Oct 27 2019 Reflection
Sunday 27 October 2019
First Reading: SIR 35:12-14, 16-18
The Lord hears the cry of the poor.
PS 34:2-3, 17-18, 19, 23
Second Reading: 2 TM 4:6-8, 16-18
Gospel Reading: LK 18:9-14
Today’s Note: Thirtieth Sunday in Ordinary Time
Jesus addressed this parable
to those who were convinced of their own righteousness
and despised everyone else.
“Two people went up to the temple area to pray;
one was a Pharisee and the other was a tax collector.
The Pharisee took up his position and spoke this prayer to himself,
‘O God, I thank you that I am not like the rest of humanity —
greedy, dishonest, adulterous — or even like this tax collector.
I fast twice a week, and I pay tithes on my whole income.’
But the tax collector stood off at a distance
and would not even raise his eyes to heaven
but beat his breast and prayed,
‘O God, be merciful to me a sinner.’
I tell you, the latter went home justified, not the former;
for whoever exalts himself will be humbled,
and the one who humbles himself will be exalted.”
I thank you that I am not like the rest of humanity. (Luke 18:11)
Try to picture the scene. First, there is the Pharisee, a respected member of society, taking up “his position” in the Temple (Luke 18:11). He has a special spot where he would pray, just as he has in his synagogue (Matthew 23:6).
Dramatically and carefully, he lifts his hands in prayer. His phylactery—a leather box tied around his head containing Hebrew Scripture passages on parchment—is wider than most and eclipses his eyebrows. The tassels of his prayer shawl—meant to be subtle reminders of the Law of Moses—are longer and more luxurious than most, as much a fashion statement as a sign of devotion (Matthew 23:5). He is a striking figure who looks superior to “the rest of humanity” (Luke 18:11).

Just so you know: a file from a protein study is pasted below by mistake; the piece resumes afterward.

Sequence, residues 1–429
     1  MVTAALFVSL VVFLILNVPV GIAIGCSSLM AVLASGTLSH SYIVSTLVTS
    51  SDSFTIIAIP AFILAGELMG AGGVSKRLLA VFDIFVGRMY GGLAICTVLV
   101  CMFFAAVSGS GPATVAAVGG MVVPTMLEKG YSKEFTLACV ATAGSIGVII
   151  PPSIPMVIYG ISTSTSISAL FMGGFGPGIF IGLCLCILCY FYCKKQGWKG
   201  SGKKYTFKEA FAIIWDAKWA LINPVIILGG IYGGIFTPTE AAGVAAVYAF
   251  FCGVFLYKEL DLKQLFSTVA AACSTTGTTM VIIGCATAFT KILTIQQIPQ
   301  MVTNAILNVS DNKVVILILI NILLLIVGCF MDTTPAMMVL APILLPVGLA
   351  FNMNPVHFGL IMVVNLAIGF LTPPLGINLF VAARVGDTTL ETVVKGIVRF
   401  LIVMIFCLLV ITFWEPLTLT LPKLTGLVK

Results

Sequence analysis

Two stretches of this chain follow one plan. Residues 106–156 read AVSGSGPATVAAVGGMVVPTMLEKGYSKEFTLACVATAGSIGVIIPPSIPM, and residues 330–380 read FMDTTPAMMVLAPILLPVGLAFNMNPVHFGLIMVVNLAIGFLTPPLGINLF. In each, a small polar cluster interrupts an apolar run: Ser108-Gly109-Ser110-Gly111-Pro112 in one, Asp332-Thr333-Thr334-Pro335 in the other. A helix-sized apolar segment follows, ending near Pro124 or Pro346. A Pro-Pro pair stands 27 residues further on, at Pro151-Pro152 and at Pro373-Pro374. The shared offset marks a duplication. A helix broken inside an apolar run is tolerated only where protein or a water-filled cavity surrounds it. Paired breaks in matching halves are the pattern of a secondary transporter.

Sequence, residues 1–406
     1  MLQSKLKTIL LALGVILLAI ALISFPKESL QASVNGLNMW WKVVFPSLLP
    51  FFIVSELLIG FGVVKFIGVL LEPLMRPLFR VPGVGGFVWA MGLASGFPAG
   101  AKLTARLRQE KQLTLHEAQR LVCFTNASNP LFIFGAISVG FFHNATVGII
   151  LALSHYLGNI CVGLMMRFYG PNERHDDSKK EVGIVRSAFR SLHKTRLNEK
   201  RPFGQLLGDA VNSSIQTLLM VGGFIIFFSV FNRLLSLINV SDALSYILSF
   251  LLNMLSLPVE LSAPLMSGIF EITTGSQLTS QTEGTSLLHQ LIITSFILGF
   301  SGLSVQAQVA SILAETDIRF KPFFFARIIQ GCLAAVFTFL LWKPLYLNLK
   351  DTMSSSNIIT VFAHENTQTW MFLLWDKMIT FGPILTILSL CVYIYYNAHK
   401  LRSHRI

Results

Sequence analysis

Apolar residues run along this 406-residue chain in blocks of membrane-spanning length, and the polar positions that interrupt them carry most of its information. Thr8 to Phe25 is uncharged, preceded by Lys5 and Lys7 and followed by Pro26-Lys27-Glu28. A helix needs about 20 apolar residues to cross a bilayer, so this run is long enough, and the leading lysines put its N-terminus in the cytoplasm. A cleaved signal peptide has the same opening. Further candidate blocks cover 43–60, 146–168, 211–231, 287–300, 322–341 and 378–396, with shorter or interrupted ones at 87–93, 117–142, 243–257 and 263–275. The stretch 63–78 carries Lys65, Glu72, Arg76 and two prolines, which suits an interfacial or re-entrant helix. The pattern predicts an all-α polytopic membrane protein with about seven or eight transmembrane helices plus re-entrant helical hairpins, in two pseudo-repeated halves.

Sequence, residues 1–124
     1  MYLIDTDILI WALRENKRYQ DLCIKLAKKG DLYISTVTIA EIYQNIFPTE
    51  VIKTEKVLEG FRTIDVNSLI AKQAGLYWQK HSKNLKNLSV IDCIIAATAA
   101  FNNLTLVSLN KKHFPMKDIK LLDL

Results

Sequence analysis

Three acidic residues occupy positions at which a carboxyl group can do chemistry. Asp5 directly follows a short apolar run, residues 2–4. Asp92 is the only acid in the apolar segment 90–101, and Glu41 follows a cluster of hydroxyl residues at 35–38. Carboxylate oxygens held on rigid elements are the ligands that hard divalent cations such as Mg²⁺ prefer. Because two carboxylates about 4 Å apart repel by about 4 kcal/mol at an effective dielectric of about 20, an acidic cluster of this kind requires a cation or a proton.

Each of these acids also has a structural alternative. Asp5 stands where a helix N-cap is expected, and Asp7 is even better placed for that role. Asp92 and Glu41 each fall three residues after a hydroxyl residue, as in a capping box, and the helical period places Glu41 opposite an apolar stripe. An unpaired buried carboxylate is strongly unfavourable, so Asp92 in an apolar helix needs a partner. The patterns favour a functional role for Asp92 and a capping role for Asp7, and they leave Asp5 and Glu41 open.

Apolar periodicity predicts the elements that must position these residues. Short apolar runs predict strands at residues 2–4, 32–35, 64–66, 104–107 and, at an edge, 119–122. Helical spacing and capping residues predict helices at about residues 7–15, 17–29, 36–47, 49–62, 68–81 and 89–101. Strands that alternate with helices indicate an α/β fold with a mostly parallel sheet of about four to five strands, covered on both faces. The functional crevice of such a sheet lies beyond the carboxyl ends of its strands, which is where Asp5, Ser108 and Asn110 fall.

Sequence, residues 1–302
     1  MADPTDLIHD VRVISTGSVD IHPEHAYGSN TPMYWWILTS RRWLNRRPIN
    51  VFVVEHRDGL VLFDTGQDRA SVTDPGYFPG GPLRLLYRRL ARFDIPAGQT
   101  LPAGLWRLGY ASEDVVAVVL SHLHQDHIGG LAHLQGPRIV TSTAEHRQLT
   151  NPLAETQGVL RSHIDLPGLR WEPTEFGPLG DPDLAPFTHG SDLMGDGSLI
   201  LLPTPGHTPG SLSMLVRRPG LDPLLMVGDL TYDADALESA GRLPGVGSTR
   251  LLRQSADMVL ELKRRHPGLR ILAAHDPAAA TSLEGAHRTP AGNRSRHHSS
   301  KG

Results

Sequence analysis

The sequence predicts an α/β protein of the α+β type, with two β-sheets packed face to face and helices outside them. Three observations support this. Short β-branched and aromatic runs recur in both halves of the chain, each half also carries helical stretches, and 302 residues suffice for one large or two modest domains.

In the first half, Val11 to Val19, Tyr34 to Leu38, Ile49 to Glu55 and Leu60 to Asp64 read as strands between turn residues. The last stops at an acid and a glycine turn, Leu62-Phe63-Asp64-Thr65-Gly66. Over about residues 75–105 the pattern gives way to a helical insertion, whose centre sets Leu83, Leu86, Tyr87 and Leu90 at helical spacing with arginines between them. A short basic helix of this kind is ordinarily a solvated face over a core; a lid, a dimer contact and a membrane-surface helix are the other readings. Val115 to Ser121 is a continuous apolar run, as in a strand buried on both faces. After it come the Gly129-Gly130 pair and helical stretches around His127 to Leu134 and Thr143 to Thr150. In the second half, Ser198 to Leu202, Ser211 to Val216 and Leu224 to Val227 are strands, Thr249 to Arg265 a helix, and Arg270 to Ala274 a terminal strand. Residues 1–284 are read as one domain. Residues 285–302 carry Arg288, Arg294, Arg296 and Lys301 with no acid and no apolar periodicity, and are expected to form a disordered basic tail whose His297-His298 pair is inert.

Now picture the tax collector. He has no special prayer space. He keeps his head bowed so as to avoid the disdainful gaze of the Pharisee. A well-paid member of the Roman bureaucracy, he is dressed neatly but not pretentiously. His cheeks are stained with tears.
He has come to the Temple for one reason. He has recently realized how corrupt he has become. A little extortion here, a little fuzzy math there, and he has become quite wealthy. But at what cost? He has defrauded people who can barely make ends meet. He has sent men to debtors’ prison with no regard for their families. He sees it now, and he is deeply sorry. Words fail. All he can say is, “O God, be merciful to me a sinner” (Luke 18:13).
The Pharisee, pleased with the perfection of his prayer, leaves just as he came in: convinced of his own righteousness and despising everyone else (Luke 18:9). But the tax collector leaves feeling free. With a lighter step and a brave smile on his face, he heads home. Tomorrow he will apologize to his neighbors and return their money.
We each have a little of the Pharisee and a little of the tax collector in us. Let’s lean into the tax collector at Mass today and pray,
“Lord, have mercy on me, a sinner!”